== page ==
The novel TDF efficiently neutralised the Indian red scorpion venom and induced an increase in blood glucose level, organ tissue damage, necrosis, and pulmonary edema in Wistar rats
A team of scientists from the Institute of Advanced Study in Science and Technology (IASST), an autonomous institute of the Department of Science and Technology as well as researchers from scholars from Tezpur University NIELIT, Guwahati have invented novel therapeutic drug formulations (TDF) consisting of low doses of commercial ASA, AAA, and vitamin C, for inhibiting the Indian red scorpion venom-induced toxicity and associated symptoms.
The drug’s efficacy was first tested on Caenorhabditis elegans, a free-living nematode model, as an alternative to an in vivo animal model. The research was recently published in the journal Toxins. An Indian patent has also been filed on this novel drug formulation.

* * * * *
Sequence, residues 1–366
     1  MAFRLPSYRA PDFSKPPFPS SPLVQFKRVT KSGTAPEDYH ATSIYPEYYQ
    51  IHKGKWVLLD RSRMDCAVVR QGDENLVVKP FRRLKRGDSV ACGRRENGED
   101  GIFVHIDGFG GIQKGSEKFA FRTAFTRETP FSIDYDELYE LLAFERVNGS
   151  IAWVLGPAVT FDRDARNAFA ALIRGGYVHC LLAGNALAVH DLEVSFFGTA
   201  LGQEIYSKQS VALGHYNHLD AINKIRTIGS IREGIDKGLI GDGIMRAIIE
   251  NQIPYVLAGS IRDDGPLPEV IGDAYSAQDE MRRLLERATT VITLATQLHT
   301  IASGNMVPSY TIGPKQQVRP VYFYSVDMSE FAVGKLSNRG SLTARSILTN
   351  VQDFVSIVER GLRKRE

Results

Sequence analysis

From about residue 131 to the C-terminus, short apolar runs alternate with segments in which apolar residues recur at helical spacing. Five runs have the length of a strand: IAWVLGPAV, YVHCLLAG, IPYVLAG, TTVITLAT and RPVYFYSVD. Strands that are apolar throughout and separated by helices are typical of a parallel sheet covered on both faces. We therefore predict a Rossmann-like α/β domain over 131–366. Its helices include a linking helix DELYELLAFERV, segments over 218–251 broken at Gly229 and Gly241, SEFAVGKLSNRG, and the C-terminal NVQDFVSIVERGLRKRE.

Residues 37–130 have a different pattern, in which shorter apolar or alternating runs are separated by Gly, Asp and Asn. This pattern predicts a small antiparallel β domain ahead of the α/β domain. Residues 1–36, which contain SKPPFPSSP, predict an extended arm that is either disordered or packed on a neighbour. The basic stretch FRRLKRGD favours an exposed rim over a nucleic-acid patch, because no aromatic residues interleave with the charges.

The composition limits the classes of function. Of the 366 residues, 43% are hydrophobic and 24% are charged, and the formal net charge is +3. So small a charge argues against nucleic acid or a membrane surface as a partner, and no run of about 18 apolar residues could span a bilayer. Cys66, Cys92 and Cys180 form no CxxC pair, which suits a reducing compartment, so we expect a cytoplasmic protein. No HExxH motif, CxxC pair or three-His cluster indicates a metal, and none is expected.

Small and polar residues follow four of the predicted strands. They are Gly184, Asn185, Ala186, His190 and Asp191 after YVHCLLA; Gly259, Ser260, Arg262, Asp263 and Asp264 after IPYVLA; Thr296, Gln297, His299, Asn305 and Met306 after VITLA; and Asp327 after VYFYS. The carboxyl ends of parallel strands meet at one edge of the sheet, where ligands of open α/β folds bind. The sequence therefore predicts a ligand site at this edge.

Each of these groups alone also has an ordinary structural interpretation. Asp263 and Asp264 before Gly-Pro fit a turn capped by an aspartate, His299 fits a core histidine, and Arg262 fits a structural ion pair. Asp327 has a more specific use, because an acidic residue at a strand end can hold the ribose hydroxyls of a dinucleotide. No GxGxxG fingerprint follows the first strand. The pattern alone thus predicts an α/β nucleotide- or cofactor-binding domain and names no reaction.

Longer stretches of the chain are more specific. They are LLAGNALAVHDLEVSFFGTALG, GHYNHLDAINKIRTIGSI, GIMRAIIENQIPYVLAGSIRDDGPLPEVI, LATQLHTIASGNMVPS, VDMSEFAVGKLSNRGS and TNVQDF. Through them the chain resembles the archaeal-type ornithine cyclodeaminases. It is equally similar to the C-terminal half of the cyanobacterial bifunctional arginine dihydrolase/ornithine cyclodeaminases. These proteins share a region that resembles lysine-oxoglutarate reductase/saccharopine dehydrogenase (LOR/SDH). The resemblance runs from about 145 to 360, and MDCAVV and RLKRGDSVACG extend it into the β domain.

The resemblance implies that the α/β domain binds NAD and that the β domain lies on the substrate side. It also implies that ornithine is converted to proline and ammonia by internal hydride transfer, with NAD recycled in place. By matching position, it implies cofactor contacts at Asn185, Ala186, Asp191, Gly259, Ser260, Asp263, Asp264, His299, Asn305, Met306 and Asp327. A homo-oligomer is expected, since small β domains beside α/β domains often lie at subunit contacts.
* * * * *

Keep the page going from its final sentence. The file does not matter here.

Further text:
The study by the team comprising Prof Ashis Mukherjee, Director, Dr M R Khan, Associate Professor and Dr Aparup Patra, IPDF from IASST, Dr Bhabana Das, and Upasana Pujari from Tezpur University, and Dr S Mahanta, from NIELIT, Guwahati demonstrated for the first time that C elegans can be a good model organism for screening the neutralisation potency of the drug molecules against a neurotoxic scorpion venom.
The novel TDF efficiently neutralised the Indian red scorpion venom and induced an increase in blood glucose level, organ tissue damage, necrosis, and pulmonary edema in Wistar rats, much better than commercial ASA, AAA, and vitamin C. The treatment holds promise for effective treatment against scorpion stings and will save the lives of millions of patients worldwide.
Scorpion envenomation is a severe problem in many countries of the world. The Indian red scorpion (Mesobuthus tamulus), with its life-threatening sting, is one of the world’s most dangerous scorpions. Intravenous administration of equine anti-scorpion antivenom (ASA), raised against M. tamulus venom (MTV), is the only available treatment for scorpion stings. However, the low proportion of venom-specific antibodies against the most abundant low molecular mass channel toxin is a barrier to efficient clinical management of scorpion sting patients. Therefore, the high antivenom requirement may lead to adverse serum reactions in treated patients. Scorpion envenomation and its treatment need extensive research and alternative therapies.